4The dissent suggests that requiring an administrator to determine arbitrability “was not an unusual decision” but is rather “the process by which the AAA typically administers all of its arbitrations”—a fact that “any party doing their due diligence would have seen.” . . .   But we interpret the words of this Agreement in conjunction with AAA’s rules without deference to AAA’s “typical” practice.  The Agreement or the AAA Rules could grant the administrator that authority, but in this case they do not.

Judge Clay volleyed back at the majority by arguing in his own footnote 1 that “The majority claims that we agree that the AAA’s rules assign arbitrability to the arbitrator, and ‘administrative duties’ to the administrator, but that is not the case.  To the contrary, the AAA’s rules do not clearly delineate these roles as the majority alleges.  Instead, as stated in the rule cited above, the AAA has the final decision on who administers cases under its rules.”

* * *

Whether one agrees with Senior Circuit Judge McKeague’s opinion on behalf of the majority or with Circuit Judge Clay’s dissent, this ruling has significant implications for many disputes in the U.S. involving healthcare, consumer and employment matters. 

The AAA has adopted due process protocols for those areas, as well as making policy statements regarding how the AAA will handle applications for arbitration in many areas.  The reasoning by the Ciccio majority could vitiate the authority of an AAA administrator to apply those instruments to decline to accept cases that do not comply with those protocols and policy statements. 

Instead, application of those instruments would be allocated to an arbitral panel, resulting in significant delay and expense while the panel is constituted and briefed before a decision on the applicability of due process protocols and policies crystallizes.

Given the dissent, it is worth wondering whether this case is headed toward en banc review by the Sixth Circuit Court of Appeals or will be the subject of a certiorari petition to the U.S. Supreme Court.

* * *

Mark Kantor is a member of CPR-DR’s Panels of Distinguished Neutrals.  Until he retired from Milbank, Tweed, Hadley & McCloy, he was a partner in the firm’s Corporate and Project Finance Groups.  He currently serves as an arbitrator and mediator.  He teaches as an Adjunct Professor at the Georgetown University Law Center (Recipient, Fahy Award for Outstanding Adjunct Professor).  He also is Editor-in-Chief of the online journal Transnational Dispute Management.  He is a frequent contributor to CPR Speaks, and this post originally was circulated to a private list serv and adapted with the author’s permission. 

[END]

Supreme Court Again Declines a “Who Decides?” Case in Class Arbitration

By Russ Bleemer

The U.S. Supreme Court this morning declined to hear a case that would have covered two issues that are familiar arbitration turf at the nation’s top court—whether rules incorporated into an ADR agreement are a specific-enough designation for the arbitration to go forward, and whether arbitrators can invoke class processes.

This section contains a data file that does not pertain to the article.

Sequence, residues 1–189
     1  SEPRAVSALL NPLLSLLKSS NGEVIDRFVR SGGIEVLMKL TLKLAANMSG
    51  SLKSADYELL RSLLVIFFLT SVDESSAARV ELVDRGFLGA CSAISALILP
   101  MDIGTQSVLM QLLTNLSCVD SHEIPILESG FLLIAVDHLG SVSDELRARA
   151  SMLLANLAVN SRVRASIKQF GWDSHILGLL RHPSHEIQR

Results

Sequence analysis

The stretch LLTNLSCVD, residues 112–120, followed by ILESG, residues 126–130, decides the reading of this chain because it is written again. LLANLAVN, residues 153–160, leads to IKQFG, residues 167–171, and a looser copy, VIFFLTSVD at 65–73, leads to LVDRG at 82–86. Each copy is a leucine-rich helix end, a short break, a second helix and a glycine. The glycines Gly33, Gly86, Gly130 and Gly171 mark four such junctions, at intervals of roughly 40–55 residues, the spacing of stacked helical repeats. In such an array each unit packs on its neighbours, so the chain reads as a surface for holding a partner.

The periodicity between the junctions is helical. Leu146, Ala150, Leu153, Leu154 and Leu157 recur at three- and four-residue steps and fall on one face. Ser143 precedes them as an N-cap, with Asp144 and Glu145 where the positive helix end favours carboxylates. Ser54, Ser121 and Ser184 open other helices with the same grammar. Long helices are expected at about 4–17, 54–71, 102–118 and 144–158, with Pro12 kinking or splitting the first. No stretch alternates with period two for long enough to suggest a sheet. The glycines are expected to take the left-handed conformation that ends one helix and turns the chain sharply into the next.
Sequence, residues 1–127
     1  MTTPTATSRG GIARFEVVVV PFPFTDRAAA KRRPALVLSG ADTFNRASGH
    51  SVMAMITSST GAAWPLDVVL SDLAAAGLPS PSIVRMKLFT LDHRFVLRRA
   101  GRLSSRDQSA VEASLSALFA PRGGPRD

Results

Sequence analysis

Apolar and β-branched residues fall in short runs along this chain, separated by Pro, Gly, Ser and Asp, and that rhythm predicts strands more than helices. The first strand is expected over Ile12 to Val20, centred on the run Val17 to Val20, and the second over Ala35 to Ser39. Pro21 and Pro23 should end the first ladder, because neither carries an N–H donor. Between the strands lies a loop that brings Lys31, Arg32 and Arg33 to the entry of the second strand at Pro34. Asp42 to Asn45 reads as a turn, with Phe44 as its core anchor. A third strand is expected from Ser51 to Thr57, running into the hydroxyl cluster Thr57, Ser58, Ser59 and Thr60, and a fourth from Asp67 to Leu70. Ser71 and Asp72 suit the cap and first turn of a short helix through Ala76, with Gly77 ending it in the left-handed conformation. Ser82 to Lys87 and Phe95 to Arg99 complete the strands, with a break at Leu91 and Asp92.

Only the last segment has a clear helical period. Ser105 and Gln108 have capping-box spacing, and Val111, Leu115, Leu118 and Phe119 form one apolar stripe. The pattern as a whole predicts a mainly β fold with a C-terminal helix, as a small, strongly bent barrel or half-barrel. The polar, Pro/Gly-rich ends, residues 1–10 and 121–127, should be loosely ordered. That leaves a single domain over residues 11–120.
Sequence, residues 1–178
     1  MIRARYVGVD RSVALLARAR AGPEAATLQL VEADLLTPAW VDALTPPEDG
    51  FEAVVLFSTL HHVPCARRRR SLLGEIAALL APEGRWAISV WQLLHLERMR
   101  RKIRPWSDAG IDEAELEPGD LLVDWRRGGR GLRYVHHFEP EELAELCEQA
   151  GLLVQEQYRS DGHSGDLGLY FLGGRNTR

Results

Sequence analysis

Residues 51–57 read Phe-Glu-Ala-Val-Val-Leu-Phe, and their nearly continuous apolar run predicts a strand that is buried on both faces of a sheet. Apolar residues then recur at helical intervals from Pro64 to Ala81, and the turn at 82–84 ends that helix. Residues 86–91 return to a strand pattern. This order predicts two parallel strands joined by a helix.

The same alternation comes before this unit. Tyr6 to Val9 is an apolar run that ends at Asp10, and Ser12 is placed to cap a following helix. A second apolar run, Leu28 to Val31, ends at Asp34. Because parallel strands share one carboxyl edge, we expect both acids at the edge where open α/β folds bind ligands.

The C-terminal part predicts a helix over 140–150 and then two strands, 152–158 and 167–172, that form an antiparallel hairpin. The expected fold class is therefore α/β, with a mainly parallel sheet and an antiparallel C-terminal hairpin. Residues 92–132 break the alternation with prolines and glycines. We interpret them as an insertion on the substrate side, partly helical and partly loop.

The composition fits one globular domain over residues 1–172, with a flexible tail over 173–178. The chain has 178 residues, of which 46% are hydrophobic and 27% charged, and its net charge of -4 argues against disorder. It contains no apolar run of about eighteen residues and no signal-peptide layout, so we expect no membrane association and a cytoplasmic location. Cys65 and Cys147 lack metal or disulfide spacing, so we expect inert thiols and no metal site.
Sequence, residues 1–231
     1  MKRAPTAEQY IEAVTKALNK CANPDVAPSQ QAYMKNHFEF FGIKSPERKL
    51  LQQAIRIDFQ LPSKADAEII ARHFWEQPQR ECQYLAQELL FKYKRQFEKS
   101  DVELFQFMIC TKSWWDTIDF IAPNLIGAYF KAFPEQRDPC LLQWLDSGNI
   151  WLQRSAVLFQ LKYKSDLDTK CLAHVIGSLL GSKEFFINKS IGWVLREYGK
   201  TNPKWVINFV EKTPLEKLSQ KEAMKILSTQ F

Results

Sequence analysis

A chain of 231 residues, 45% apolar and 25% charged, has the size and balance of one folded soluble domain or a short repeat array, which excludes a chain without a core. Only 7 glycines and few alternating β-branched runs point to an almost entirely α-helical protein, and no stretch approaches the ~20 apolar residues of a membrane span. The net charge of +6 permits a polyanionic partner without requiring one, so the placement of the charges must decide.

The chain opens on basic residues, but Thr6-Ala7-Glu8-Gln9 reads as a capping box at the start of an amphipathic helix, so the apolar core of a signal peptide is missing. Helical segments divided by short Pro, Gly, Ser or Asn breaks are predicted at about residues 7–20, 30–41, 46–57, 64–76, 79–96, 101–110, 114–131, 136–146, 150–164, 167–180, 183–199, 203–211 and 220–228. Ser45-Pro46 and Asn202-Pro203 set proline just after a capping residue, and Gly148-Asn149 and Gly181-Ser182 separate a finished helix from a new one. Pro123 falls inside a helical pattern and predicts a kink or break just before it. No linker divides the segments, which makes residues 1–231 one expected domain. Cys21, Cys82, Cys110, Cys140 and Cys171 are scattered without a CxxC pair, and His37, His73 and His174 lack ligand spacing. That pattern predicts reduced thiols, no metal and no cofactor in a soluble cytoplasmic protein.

The court denied cert in Shivkov v. Artex Risk Solutions Inc., 20-1313, where an appeals court, compelling arbitration, also held that “the availability of class arbitration is a gateway issue that a court must presumptively decide,” but because the agreements “do not clearly and unmistakably delegate that issue to the arbitrator,” and “[b]ecause the Agreements are silent on class arbitration, they do not permit class arbitration.” Shivkov v. Artex Risk Sols. Inc., 974 F.3d 1051 (9th Cir. 2020) (available at https://bit.ly/3y6e9jL).

This morning’s order can be found here.

The issues presented challenging the Ninth Circuit petition to the Supreme Court by the petitioners—more than 80 individual and business plaintiffs who had filed suit against insurance management companies that set up captive insurance firms for the petitioners that were audited and held liable for unpaid federal taxes—covered the incorporation by reference rules question, and class arbitration.  The specific questions presented by the petitioners that the Court declined today were:

1. The parties’ arbitration clause expressly designates the American Arbitration Association (“AAA”) as their default dispute-resolution method. The clause did not also specifically mention the AAA Rules themselves, which, according to the AAA, apply whenever parties select a AAA arbitration. Must an agreement that specifies arbitration before the AAA as the default dispute-resolution method also specifically mention the AAA Rules to avoid being considered ambiguous about whether the parties intended to apply the AAA Rules?